that are hardest to talk to; and, in § 44, Bangor in Co. Down is called unlucky or unfortunate, no doubt, as the gloss says, because of the repeated plunderings and destruction of its monastery by the Norse during the early part of the ninth century (A.D. 823, 824).
In endeavouring to trace the origin of the Triad as a form of literary composition among the Irish, one must remember that it is but one of several similar enumerative sayings common in Irish literature. Thus the collection here printed contains three duads (124. 133. 134), seven tetrads (223. 230. 234. 244. 248. 251. 252), and one heptad (235). A whole Irish law-book is composed in the form of heptads; while triads, tetrads, &c., occur in every part of the Laws. Such schematic arrangements were of course a great aid to memory.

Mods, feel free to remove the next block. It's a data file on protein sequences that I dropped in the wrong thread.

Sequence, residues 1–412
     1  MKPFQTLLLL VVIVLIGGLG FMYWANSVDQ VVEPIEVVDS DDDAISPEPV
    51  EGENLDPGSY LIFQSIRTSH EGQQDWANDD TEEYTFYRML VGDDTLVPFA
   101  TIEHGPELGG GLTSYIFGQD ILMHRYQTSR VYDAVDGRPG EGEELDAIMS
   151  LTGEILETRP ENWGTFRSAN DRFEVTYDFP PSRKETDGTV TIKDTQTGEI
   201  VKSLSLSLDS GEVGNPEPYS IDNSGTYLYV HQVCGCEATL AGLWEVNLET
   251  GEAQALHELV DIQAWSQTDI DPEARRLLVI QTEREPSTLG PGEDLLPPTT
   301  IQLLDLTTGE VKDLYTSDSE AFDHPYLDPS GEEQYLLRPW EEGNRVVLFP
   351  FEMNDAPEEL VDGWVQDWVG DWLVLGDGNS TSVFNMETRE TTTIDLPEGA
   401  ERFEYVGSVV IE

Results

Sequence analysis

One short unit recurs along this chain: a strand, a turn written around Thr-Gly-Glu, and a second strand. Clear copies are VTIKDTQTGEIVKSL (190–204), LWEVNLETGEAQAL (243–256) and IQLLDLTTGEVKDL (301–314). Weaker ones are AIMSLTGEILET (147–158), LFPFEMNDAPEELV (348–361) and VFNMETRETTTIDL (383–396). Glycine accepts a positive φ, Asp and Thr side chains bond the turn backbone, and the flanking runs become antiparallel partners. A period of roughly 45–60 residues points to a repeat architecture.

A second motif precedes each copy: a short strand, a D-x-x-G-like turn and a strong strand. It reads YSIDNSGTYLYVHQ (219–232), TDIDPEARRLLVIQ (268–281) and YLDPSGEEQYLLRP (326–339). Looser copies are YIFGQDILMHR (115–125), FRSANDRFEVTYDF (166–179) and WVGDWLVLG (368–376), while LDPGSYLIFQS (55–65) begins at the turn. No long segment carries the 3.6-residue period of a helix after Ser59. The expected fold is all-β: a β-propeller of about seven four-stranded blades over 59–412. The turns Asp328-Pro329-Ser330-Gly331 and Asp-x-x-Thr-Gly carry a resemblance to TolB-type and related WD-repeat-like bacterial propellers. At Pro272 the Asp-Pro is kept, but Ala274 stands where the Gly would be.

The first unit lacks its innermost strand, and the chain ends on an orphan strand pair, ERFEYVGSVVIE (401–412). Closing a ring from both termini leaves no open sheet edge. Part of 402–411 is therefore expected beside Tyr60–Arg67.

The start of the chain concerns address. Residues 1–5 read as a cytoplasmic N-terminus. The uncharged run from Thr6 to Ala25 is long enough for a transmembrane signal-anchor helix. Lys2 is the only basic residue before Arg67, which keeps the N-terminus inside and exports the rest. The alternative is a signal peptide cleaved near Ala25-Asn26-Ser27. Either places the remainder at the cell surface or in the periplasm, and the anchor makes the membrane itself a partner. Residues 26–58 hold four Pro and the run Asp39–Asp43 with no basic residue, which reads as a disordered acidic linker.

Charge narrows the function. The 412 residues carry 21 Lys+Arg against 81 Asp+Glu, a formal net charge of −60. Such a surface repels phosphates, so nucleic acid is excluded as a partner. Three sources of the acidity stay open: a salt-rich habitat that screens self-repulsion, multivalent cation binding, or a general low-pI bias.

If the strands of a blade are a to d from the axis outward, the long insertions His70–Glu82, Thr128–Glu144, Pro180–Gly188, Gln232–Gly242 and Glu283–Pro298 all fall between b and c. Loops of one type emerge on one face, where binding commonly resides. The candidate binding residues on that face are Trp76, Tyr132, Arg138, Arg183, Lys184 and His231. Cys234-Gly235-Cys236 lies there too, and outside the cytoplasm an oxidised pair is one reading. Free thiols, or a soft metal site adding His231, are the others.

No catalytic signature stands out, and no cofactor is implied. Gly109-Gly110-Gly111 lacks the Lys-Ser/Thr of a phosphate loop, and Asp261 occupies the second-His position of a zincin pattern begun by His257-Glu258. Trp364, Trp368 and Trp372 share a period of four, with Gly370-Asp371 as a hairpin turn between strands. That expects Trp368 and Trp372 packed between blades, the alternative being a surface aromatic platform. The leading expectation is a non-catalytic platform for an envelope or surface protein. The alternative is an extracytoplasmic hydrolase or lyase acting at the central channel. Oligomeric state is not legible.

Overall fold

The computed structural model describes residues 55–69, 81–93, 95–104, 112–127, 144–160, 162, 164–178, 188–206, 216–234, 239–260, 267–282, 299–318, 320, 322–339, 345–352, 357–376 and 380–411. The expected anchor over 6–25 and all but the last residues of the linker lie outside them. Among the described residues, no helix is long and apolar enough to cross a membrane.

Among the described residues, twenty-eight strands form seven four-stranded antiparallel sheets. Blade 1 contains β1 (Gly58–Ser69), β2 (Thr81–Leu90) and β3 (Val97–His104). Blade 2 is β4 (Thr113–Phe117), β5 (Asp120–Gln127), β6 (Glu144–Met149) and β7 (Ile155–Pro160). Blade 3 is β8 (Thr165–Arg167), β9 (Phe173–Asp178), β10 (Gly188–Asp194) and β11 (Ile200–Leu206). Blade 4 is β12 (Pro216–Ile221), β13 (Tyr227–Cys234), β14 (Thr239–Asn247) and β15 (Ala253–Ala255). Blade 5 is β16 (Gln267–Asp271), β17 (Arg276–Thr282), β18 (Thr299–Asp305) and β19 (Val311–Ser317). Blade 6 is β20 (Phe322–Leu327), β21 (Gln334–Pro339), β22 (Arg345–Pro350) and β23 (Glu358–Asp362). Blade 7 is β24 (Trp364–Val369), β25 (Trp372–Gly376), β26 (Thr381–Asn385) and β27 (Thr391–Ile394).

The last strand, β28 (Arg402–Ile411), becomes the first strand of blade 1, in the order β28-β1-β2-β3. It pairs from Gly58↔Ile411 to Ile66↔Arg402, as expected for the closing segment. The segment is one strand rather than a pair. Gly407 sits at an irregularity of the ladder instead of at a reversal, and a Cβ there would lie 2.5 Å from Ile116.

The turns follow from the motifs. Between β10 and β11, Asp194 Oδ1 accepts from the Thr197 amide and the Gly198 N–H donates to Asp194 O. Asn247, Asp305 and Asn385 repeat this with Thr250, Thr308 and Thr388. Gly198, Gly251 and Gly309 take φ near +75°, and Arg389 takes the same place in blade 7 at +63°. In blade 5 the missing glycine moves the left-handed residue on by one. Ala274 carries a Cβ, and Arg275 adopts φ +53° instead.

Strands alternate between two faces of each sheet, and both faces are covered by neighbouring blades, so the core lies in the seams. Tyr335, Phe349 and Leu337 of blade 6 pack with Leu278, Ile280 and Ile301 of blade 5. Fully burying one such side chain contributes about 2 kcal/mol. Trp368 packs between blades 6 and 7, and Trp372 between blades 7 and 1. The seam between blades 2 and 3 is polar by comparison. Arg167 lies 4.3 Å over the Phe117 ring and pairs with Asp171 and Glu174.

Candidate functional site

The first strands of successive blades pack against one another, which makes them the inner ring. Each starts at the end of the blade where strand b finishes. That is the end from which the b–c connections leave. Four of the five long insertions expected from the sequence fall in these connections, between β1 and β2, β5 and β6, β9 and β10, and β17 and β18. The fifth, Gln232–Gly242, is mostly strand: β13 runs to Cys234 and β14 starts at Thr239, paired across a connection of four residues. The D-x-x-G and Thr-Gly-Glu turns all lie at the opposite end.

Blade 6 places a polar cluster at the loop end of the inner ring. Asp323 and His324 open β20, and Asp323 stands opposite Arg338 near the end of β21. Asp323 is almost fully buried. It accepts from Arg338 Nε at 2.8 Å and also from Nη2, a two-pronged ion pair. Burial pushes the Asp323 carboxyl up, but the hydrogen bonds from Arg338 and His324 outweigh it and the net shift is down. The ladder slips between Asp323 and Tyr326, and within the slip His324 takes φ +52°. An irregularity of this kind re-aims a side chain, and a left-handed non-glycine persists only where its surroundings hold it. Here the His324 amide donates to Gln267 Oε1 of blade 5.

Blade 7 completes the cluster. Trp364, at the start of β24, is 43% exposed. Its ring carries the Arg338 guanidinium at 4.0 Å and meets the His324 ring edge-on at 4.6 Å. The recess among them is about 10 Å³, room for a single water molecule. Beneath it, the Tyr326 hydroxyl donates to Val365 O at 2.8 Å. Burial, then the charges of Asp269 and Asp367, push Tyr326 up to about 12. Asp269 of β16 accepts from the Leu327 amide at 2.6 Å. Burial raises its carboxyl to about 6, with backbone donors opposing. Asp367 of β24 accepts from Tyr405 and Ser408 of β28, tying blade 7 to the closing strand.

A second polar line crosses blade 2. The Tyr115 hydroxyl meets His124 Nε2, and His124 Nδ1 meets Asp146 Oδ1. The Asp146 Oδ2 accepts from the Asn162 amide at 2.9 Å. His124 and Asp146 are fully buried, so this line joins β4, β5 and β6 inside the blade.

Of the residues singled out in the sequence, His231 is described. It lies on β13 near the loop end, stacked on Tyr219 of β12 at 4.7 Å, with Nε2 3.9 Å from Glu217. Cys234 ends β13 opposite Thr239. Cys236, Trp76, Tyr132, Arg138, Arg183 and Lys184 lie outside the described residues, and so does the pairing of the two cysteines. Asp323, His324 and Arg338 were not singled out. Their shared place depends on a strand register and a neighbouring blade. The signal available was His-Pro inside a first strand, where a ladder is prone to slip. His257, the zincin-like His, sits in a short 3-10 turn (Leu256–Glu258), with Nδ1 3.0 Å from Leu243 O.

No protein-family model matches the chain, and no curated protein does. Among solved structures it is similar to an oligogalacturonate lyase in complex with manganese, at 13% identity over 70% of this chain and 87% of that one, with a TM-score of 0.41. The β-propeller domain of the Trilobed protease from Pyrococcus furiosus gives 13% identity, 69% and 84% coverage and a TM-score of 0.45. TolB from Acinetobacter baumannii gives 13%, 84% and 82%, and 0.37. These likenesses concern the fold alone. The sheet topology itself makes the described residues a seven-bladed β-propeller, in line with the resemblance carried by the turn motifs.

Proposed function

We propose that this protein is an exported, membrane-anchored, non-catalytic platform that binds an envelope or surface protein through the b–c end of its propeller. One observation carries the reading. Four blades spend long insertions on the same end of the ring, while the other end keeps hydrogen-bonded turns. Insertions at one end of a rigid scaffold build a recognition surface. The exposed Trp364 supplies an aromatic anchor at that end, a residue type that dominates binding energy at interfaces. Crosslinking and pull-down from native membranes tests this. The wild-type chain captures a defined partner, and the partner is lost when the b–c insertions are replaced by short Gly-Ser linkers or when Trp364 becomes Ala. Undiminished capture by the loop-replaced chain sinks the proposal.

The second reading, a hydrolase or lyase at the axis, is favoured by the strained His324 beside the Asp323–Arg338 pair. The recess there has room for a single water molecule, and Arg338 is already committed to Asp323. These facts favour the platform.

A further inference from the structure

See Ancient Laws of Ireland, vol, v., pp. 118-373.
 Thus in the first volume of the Laws we find duads on p. 228, 15; 294, 27; triads on p. 50, 9. 27; 230, 4; 264, 20;
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